12 things on the New York Jets offense heading into 2019. Check out last week’s edition on the defense. We already did an edition solely focused on Sam Darnold right here, so this article will not include him…
1 – Le’Veon Bell – One year is an eternity in the NFL, so it is easy to forget just how good Bell is. Here are the highlights from his last game:
From how he utilized Jay Ajayi down the stretch in the 2016, it is fair to assume that Adam Gase won’t be shy about taking full advantage of Bell’s workhorse ability. The Jets don’t just need him to balance their offense out with a steady running game that can function despite a potentially average to below average offensive line. They need Bell to likely lead the team in receptions and create big plays in the passing game from both the backfield or from the slot to fully get the value out of his contract. Bell at his best is going to be a game changer for Darnold, not just by creating big plays but by regularly taking plays that were 2-3 yard gains from Elijah McGuire last year and turning them into 6-7 yard gains to help keep the Jets ahead on down and distance.
2 – Robby Anderson – The king of the Jets offseason. There is no reason that Anderson should not be a 1,000 yard receiver this season if the Jets get 16 games out of Sam Darnold. In their final four games together last year, Anderson’s stats project out to 1,344 yards and 12 touchdowns over a full season. He won’t hit those marks with a more diverse cast of weapons around him but the presence of Bell, Jamison Crowder and a healthy Quincy Enunwa will give him more favorable and one on one matchups. Anderson is a traditional outside the numbers vertical threat but he has made consistent strides at improving his route tree and ability to catch the ball in traffic. He is good enough at the other elements of his game to be a legitimate lead receiver if he’s playing with a very good quarterback, which hopefully Darnold will be this season.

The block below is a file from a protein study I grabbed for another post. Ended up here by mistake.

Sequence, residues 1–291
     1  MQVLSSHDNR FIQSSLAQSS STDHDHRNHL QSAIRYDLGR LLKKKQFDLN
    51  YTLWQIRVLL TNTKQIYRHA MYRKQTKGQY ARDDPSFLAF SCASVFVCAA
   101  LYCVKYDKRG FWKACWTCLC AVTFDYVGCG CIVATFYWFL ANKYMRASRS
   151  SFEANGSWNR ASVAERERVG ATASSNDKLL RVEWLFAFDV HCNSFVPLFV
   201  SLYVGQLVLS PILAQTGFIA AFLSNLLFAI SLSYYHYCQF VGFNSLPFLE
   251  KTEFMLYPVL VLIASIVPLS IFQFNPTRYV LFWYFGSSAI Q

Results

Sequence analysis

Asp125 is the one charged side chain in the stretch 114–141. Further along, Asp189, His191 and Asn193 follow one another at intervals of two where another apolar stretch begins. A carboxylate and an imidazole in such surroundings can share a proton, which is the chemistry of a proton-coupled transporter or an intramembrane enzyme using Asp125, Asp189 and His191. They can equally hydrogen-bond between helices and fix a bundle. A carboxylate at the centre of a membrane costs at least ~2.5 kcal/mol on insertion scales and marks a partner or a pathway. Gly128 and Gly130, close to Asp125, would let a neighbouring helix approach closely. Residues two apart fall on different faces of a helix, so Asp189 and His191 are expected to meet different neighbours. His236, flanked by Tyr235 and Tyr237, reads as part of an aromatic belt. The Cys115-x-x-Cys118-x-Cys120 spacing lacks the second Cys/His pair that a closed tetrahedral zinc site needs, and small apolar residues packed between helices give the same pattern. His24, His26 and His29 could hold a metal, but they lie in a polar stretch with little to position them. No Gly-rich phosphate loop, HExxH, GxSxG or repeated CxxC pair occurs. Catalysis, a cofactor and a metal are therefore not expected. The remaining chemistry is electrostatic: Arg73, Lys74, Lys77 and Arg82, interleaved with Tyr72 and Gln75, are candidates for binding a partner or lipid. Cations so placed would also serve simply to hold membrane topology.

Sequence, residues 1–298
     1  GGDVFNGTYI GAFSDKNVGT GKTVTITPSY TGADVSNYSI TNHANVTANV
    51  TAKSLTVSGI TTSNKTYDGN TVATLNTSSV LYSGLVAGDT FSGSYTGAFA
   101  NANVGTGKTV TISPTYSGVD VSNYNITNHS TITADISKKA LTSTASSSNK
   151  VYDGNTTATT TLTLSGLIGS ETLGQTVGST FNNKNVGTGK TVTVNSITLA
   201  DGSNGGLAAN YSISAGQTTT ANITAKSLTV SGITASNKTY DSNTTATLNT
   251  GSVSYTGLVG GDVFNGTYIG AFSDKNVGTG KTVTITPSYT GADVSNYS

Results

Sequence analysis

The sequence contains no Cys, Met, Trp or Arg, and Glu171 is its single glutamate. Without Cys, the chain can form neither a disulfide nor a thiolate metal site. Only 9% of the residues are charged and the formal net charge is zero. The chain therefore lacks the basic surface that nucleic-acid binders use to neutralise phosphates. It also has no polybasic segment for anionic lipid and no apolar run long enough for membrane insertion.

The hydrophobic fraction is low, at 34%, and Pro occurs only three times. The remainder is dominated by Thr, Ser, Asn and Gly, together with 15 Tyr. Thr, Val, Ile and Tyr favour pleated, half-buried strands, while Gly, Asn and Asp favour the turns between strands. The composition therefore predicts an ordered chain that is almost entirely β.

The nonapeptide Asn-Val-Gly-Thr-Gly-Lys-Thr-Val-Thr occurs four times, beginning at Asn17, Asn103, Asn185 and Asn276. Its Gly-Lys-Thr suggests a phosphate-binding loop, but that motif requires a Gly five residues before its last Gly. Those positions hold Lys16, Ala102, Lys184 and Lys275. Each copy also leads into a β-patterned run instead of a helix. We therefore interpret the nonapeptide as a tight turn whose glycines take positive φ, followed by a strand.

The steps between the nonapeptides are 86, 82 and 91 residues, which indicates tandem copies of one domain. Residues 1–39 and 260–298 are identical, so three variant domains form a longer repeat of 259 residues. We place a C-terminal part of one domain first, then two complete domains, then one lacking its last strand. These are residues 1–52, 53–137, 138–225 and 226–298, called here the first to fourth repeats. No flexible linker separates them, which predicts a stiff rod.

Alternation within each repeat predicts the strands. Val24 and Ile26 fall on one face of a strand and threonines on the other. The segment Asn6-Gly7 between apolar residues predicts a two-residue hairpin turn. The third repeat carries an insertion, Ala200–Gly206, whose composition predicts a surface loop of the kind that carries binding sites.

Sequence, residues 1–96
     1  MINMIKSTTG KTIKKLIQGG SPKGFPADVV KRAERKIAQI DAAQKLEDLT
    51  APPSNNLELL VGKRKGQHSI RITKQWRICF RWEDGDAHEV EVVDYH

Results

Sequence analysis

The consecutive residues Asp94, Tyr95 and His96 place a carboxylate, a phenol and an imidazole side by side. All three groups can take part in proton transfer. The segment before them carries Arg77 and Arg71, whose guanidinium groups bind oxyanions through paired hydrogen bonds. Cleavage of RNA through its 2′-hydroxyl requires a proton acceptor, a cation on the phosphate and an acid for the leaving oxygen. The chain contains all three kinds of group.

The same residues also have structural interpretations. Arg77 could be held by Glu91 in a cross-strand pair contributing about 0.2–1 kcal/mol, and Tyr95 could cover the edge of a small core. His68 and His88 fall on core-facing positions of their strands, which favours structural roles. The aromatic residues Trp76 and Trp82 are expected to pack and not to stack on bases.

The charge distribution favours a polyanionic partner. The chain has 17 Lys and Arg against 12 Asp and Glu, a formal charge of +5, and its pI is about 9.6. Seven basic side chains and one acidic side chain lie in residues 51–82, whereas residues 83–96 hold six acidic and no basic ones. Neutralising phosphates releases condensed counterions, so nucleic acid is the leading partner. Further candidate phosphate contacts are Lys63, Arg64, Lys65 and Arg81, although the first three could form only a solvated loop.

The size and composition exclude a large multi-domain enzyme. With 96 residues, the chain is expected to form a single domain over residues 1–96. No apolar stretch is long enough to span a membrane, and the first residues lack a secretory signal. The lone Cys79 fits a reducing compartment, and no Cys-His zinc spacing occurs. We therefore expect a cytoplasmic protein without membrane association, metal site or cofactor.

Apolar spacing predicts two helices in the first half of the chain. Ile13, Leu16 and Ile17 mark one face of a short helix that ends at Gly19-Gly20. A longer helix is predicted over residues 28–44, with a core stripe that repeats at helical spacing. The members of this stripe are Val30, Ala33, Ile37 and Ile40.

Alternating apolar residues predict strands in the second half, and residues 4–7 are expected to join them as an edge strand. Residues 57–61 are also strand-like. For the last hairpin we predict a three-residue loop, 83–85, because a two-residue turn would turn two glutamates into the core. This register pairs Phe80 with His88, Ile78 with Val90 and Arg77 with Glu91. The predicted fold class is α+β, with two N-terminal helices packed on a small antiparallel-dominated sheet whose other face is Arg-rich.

3 – Jamison Crowder – Arguably the best receiver available in free agency this offseason and a substantial upgrade over zombie Jermaine Kearse. This breakdown of Albert Wilson’s usage last year is a good preview for Gase could potentially use Crowder as the team’s primary slot receiver. It isn’t out of the question that Crowder could lead the Jets in receptions this year, although with a substantially lower yard per catch than Robby Anderson. If there is one player Darnold needs as many reps as possible with this offseason, it is Crowder so they are on the same page with the variety of quick hitting option routes that will be backbone of his usage/route tree. The Jets dropped the ball in some positions this offseason (center, cornerback, edge) but they nailed the perfect available addition at receiver to fit into Gase’s offense.
4 – Chris Herndon – As a rookie, Herndon exceeded 500 yards, had five games over 50 yards and scored four touchdowns playing with a fellow rookie at quarterback (and three games of Josh McCown). The production level combined with his athletic profile should give reasonable optimism to Jets fans that they could have one of the conference’s best tight ends this season. It will be interesting to see where Herndon fits in the pecking order of targets alongside Bell and the receivers but his ability to line up at Y, H and either split end or in the slot will only help his matchups and opportunities.